a very Durham urban experience! And there were so many new
and fresh faces who, made professional contacts, and were
surprised to learn about how much TMH offers our design
community." -- Leilani Carter
"I have to
say my first TMC event was just a delight. I’m sorry I have
been missing TMH and the Mod Squad prior to this. The
Freelons and Ellen Cassilly hit a home run with the space
and their free-running description of the process. Nneenna
will probably understand if I quote the title of the first
track on Soulcall: Better Than Anything. The collaborative
love shows through. The use of iPads was unobtrusive and
solved a problem I was afraid I might have, not being able
to visualize the project." -- Ken Coit
A4A dinner events are rare opportunities to enjoy
easy, informal discussions in an upscale
dining environment. You have direct access to some of the
area's best residential architects to explore design, homebuilding, the economy,
furnishings, real estate - or anything else on your mind! There
are no presentations or powerpoint slides --
just great conversations with award-winning cuisine.
Mike Rantilla, and
Petrarca; winners of the
2012 juried Matsumoto Prize for
North Carolina Modernist
residential architecture. This
unique competition featured $6,000 in cash awards and a blue-ribbon
jury of internationally known architects.
"I thoroughly enjoyed the
Appetite4Architecture dinner. The food was excellent, as
expected.. But the conversation was really stimulating and
educational. I learned things I never knew about the
architectural process, the amazing qualities of zink, how to
consider space in a structure and the challenges of dealing
with neighbors when building an unusual custom design. The
diversity of participants was also a delightful surprise.
Many different professions were represented and at least
half were people who had moved to North Carolina from other
states. These dinners are well worth their price and I can
see how they sell out quickly.
" -- Sarah Sonke, Modern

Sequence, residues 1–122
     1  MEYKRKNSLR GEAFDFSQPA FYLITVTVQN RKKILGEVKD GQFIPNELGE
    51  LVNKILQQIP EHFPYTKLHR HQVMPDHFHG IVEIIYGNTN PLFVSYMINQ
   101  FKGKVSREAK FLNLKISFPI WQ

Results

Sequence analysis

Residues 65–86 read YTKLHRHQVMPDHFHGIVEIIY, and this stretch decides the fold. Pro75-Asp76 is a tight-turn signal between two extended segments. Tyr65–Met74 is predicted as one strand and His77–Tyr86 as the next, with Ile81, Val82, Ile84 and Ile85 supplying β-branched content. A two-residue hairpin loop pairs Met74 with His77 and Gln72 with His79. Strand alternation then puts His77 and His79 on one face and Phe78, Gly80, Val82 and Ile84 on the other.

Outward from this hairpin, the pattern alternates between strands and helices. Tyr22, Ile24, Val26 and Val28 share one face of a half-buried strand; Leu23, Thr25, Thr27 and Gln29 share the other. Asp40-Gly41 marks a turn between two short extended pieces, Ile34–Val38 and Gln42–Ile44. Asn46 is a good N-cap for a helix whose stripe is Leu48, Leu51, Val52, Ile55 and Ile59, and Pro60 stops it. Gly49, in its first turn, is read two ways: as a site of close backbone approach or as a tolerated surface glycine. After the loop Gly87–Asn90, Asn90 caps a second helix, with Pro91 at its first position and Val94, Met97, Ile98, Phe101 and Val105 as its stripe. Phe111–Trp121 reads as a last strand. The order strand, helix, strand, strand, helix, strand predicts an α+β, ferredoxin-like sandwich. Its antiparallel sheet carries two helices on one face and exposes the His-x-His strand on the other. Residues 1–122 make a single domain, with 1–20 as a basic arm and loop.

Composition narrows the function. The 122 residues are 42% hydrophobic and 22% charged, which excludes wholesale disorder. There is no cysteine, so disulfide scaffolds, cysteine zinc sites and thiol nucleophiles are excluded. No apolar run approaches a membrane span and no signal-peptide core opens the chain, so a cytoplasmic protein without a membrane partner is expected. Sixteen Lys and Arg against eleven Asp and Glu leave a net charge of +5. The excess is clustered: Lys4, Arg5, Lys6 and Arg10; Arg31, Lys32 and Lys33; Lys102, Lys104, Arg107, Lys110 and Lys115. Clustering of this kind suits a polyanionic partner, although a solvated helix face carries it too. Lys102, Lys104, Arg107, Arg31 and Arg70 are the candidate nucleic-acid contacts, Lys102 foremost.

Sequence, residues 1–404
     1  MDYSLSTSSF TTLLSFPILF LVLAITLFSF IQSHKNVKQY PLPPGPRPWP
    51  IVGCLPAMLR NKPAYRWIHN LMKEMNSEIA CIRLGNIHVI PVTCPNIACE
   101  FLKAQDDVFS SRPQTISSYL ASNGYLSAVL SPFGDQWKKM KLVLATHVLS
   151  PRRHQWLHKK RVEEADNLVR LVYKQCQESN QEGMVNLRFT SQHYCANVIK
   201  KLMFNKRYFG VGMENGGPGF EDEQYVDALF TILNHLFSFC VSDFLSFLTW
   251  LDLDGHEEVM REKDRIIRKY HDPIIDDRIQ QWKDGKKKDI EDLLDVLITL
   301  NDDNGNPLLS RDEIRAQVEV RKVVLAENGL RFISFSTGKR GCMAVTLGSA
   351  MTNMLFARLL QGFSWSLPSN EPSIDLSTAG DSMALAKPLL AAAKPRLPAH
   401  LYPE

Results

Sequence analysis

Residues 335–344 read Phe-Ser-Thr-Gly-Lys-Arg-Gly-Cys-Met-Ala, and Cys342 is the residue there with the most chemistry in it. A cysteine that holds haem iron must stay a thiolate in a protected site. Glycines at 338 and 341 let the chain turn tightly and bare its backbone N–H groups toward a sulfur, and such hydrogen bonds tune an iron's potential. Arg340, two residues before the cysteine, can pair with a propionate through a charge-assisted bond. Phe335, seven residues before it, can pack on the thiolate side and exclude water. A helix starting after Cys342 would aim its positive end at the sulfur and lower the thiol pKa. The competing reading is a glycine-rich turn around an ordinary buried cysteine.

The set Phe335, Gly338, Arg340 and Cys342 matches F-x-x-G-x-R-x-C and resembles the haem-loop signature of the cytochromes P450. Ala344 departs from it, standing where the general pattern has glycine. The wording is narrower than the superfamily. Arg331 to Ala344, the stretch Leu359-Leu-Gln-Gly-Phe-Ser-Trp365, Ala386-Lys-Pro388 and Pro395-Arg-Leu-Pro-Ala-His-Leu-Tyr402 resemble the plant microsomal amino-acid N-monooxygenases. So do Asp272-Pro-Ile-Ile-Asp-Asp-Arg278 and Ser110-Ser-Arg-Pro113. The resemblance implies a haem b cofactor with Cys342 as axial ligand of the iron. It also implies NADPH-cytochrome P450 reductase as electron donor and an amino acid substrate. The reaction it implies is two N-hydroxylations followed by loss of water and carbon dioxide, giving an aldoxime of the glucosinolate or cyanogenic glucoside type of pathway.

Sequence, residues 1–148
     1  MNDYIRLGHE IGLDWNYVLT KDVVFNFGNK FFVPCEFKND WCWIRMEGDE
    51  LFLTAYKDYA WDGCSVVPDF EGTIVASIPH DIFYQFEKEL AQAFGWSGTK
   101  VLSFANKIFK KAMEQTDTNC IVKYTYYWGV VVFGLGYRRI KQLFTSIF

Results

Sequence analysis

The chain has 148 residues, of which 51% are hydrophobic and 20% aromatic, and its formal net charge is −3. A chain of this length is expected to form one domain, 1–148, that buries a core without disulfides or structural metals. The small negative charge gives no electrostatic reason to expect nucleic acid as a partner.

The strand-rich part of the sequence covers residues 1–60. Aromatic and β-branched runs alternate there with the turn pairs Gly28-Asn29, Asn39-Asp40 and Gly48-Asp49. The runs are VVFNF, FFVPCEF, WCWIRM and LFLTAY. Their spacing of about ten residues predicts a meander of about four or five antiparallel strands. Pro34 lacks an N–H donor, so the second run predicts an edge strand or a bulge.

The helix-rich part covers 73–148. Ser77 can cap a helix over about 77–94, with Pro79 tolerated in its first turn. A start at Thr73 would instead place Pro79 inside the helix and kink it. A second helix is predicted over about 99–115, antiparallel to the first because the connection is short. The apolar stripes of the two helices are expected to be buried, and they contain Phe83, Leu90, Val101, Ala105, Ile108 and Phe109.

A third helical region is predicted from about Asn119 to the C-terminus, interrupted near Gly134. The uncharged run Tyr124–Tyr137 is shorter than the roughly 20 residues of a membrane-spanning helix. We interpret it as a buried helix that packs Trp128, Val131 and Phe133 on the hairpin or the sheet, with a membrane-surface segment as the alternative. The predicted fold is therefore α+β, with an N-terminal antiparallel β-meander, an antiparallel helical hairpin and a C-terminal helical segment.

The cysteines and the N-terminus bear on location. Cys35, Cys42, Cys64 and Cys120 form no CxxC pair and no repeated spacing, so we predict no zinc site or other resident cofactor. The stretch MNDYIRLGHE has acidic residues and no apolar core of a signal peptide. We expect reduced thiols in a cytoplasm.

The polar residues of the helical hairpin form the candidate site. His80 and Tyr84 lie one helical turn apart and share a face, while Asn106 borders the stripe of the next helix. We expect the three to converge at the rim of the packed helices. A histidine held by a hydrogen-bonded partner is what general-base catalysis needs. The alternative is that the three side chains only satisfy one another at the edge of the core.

first time participant in the TMH Appetite4Architecture
series, I wanted to tell you how much I enjoyed the evening.
Listening to the perspectives of the prize winning
architects on the elements, inspirations and passions that
drove the creation of their award winning designs while
having to balance the practical constraints that come with
getting a home built was both fascinating and educational.
The small group environment is a great way to facilitate
conversation and allow everyone to be engaged in the
discussions. It is also a great way to meet other people
that share a passion around modernism. I'll
definitely participate again in the future!
Thank you for providing such an interesting venue." --
"Thank you again for the opportunity to attend the TMH
Appetite4Architecture dinner last night. It was such a
pleasure to spend the evening engaged in thought-provoking
discussion with incredibly talented, award-winning
architects, and to meet so many interesting individuals who
share a common passion. I'm looking forward to the next
Appetite4Architecture event, and am so excited to be a part
of this dynamic community that has been brought together
though TMH." -- Emilie
Coldwell Banker Howard Perry and Walston
"It was a
great networking opportunity and an excellent way to receive
the architectural inspiration and a buyer/seller/homeowner’s
point of view that drives the passion to preserve and build
modern homes in the Triangle. The conversations from last
night has really sparked my interest in researching modern
homes, and hopefully living in one someday. It
was a pleasure.
" -- Chandra Hester, VMZINC
The Nowell's Architecture Movie Series
It was a wonderful dinner and I thank you at TMH all for
making it happen. The format, venue and food were just
great, and I think everyone enjoyed the discussions with our
prize winning architects. I hope to attend more of these
dinners in the future. Again, thank you for the evening." --
"I truly enjoyed participating in
this event! George Smart and Kim Weiss facilitated a
thought-provoking and interactive discussion which was
educational, insightful and fun. While the food, drink and
atmosphere were superb, I became so engaged in the
salon-type discussion, my "appetite for architecture" was
energized above else. Thanks so much for hosting
such a creative and intimate event that encourages our
community's preservation of and passion for modern design.
-- John Reese, Weinstein Friedlein
Pruitt-Igoe Myth (2011)
Raleigh Grande Theatre
Destroyed in a dramatic and
highly-publicized 1970's implosion, the giant Pruitt-Igoe public housing complex
has become a widespread symbol of failure amongst Modernist architects,
city and Federal politicians, and the residents
themselves. This film explores the social,
economic and legislative issues that led to the decline of
conventional public housing in America while tracing the personal and poignant
narratives of several of the project's residents.